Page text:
30. 30. “I simply blog as a way to keep trackof the new developments in medicinethat are relevant to my practice andpatients. The blog is a digitalnotebook and an archive accessiblefrom any place and device with aninternet connection.”Dr Ves - Cases blog
  31. 31. Signposts to learning“Guide on the side”
  32. 32. Social learning
  33. 33. To support learning?
  34. 34.
  35. 35. Free Open Access Meducation#FOAMed
  36. 36. #FOAMed Community
  37. 37. #FOAMed Ireland
  38. 38. gmep.orgGlobal Medical Education Project
  39. 39. 52But …I‟m not a computerI‟m a technophobe!!!
  40. 40. Teachers are not necessarilyconfident in using technology oraware of how to use it to enhanceteaching and learning … they havestaff development needsSandars & Schroter 2007;JISC 2009;Morris & McKimm 2009
  41. 41. Students have high engagementwith sites such as Facebook &YouTube but less understandingof, and engagement with other toolsthat can support their learning …They also have training needsSandars & Schroter 2007;JISC 2009;Chu et al 2010
  42. 42. 55JISC 2009 …Students should play a role in working withteachers to develop teaching and learningdelivery by working in partnership with them.
  43. 43. (Siemens 2005; Sandars 2009)
  44. 44. Eight Domains of Good Professional Practice
  45. 45. UK GMC - Tomorrow’s DoctorsOutcome 1•The doctor as scholar and scientistOutcome 2•The doctor as practitionerOutcome 3•The doctor as professionalTomorrow’s Teachers
  46. 46. The doctor as a professionalThe graduate will be able to behave according toethical and legal principles.• Students need to be made aware of issuessurrounding the professional use of socialmedia and technology
  47. 47. The doctor as a professionalReflect, learn and teach others(a) Acquire, assess, apply and integrate newknowledge, learn to adapt to changingcircumstances and ensure that patients receivethe highest level of professional care.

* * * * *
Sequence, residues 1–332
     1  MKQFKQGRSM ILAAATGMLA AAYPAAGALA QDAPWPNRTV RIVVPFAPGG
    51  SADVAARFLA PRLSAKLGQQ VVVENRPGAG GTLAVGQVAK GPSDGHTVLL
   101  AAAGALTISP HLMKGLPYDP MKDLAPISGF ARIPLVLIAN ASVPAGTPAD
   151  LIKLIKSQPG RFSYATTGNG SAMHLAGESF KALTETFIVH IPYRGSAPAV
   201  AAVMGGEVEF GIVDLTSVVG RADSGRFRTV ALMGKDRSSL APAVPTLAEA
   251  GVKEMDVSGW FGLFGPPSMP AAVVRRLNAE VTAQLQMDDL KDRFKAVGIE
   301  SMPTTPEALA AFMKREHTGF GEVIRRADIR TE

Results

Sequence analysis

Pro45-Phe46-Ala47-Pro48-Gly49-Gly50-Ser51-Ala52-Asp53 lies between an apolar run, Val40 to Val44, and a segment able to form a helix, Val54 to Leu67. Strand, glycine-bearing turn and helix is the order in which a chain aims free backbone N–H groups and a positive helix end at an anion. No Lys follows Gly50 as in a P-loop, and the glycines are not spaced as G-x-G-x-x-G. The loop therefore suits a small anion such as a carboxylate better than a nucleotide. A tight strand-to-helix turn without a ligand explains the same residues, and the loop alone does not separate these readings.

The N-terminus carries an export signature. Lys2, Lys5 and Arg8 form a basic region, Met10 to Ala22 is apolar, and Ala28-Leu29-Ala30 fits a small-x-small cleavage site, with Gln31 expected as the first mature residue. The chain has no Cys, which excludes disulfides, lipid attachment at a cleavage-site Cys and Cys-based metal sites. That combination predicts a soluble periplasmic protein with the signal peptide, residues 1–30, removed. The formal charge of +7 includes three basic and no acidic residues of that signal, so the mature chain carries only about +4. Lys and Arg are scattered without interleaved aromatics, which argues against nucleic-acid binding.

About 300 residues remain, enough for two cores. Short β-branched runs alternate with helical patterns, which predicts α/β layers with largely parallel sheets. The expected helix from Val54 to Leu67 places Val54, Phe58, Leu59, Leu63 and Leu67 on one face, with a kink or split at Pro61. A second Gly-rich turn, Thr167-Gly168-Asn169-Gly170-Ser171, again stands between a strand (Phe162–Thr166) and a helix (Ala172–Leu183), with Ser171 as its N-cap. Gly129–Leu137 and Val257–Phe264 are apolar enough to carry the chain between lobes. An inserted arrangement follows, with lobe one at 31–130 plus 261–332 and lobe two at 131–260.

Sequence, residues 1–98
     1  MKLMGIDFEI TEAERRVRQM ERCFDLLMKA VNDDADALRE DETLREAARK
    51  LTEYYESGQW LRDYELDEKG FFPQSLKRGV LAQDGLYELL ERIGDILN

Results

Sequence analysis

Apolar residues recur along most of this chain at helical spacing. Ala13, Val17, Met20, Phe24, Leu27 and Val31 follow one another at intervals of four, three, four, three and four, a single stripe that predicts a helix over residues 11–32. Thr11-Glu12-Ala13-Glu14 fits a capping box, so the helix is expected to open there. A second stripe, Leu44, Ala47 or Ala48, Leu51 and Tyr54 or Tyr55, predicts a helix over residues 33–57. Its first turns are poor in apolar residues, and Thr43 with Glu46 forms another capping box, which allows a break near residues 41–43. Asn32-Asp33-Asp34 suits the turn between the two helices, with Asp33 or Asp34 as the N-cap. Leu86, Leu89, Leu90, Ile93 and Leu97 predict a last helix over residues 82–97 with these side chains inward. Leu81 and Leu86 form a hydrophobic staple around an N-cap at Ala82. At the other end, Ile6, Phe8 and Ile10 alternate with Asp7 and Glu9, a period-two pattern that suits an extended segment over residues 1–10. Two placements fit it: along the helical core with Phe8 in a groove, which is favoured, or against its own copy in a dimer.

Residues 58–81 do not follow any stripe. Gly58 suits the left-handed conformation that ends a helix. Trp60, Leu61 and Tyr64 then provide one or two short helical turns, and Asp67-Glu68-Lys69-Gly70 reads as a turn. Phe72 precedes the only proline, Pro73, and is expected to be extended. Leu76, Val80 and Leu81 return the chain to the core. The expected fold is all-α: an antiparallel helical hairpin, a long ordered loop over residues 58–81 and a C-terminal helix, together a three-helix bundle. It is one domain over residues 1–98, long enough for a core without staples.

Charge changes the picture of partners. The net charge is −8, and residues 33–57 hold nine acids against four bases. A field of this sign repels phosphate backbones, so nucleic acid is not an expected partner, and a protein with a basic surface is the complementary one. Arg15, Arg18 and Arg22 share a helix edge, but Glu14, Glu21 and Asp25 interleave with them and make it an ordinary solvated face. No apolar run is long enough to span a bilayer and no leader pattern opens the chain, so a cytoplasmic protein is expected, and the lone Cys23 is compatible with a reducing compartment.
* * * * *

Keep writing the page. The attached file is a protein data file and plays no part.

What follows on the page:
48. 48. The doctor as a professionalReflect, learn and teach others(b) Establish the foundations for lifelong learningand continuing professionaldevelopment, including a professionaldevelopment portfolio containingreflections, achievements and learning needs.
  49. 49. The doctor as a professionalReflect, learn and teach others(f) Function effectively as a mentor and teacherincluding contributing to theappraisal, assessment and review ofcolleagues, giving effective feedback, and takingadvantage of opportunities to develop theseskills.
  50. 50. iBooks
  51. 51. “Issues of professionalism, responsibility for content,interprofessional working and effective collaborationhave all come to the fore for the group. Overall, wefirmly believe that developing student-lede-learning and online professionalism can provide anavenue through which young professionals candevelop lifelong learning skills, experiencecontinuing professional development and learn andwork in a professional community.”Students’ reflections
  52. 52.• A community of interest and learningpractice is emerging• Teaching staff becoming more confidentin using technology to support theirteaching• Sharing best practice• Increasing student engagement
  53. 53.’t lose focus …Don’t be dazzled by the technology
  54. 54. Start with how you want to teach …Not with technologyOne size doesn’t fit all
  55. 55. a teaching & learning toolkit
  56. 56. -Use what’s best for you
  57. 57. connected …Learning now in our hands
  58. 58. your toe in the water ...Explore and learn together
  59. 59. Natalie LaffertySchool of Medicine, University of DundeeEmail: Twitter: @nlaffertyQuestions